Ruggedly Beautiful

After last week’s heat wave Symi has settled into more normal temperatures for the time of year with midday highs around 20 degrees and night time lows around 14 degrees centigrade.  Of course there are plenty of sun traps, particularly in areas facing south, where the temperature can actually climb up to 30 at midday but this is unusual and it is still quite cold in the shade.  We are having heavy dewfalls at night and quite a lot of mist which only burns off quite late in the morning.  No significant rain is expected for the next few days.

Preparations for the season are well under way in the harbour and in Chorio, with much cleaning and painting going on.  The first visitors are expected next week and the day trip boats are also expected to start early in April as there are already quite a lot of tourists in Rhodes with time to kill, it being a little chilly still for swimming.

Ruggedly beautiful with amazingly clear water.

This mysterious cave is only accessible from the water, and the interior is a massive cavern full of seawater.

Symi’s beaches are still deserted and it will be some weeks yet before the beach franchise operators and water taxis set up their operations for the season.  Regular visitors to Symi will be aware that most beaches on the island can only be accessed by boat, or by some fairly serious hiking.  This is sometimes a little puzzling to first timers who are unaware that Symi is, to all intents and purposes, a mountain peak poking out of the sea. This is why there are so few waterfront properties and why being able to see the sea from your accommodation does not necessarily mean that it is possible to swim from the terrace.  These photographs give an idea of what St George and Nanou, two popular and spectacular beaches, are like out of season, when there is no one around except the occasional tortoise.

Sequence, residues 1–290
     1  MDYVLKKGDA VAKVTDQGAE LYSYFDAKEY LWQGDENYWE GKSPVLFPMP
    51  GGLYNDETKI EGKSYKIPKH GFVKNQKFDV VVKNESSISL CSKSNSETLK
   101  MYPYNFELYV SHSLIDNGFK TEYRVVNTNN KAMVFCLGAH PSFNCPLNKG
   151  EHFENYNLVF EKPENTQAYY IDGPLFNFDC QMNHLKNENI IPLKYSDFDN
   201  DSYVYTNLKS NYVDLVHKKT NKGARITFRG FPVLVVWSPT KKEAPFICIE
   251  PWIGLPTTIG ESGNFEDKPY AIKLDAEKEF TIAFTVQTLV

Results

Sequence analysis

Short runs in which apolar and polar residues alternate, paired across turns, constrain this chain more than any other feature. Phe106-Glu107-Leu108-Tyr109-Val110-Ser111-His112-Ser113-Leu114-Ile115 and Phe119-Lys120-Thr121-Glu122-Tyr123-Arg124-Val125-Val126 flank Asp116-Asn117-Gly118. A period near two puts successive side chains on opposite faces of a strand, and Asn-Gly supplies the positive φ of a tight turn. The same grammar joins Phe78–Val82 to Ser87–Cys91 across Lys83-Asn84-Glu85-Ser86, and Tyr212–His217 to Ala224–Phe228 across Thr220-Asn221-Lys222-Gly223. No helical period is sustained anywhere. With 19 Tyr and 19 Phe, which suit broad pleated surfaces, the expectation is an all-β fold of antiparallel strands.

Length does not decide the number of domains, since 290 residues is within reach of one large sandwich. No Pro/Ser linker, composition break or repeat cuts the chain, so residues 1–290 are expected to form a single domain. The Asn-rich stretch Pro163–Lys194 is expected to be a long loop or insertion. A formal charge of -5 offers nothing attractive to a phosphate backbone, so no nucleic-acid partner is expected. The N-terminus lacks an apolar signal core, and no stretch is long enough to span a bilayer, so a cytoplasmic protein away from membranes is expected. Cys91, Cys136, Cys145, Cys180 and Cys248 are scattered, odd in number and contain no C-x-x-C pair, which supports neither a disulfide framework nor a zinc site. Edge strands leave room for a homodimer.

Have a good weekend.


If the cliffs of St George look vaguely familiar to old movie buffs, it is because they were used in 'The Guns of Navarone'.  More recently this was the venue for a BASE jumping event last August.
Nanou - no umbrellas or sun beds for a while yet, but plenty of natural shade under the trees.

The lone inhabitant of Nanou in March.

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About this Blog

I sailed into Panormitis Bay, Symi, by chance one windy July day in 1993 and have been here ever since. The locals tell me that this is one of the miracles of St Michael of Panormitis. A BA graduate with majors in English, Philosophy and Classical Civilisation, the idea of living in what is to all intents and purposes an archaeological site appeals to me. Not as small as Kastellorizo, not as touristy as Rhodes, Symi is just the right size. I live on a small holding which my husband and I have reclaimed from a ruin of over-grazing and neglect and turned into a small oasis over the course of the past 22 years. I also work part-time for Symi Visitor Accommodation, helping independent travellers discover and enjoy Symi's simple pleasures for themselves.

This page is kindly sponsored by Wendy Wilcox, Symi Visitor Accommodation.

Adriana Shum

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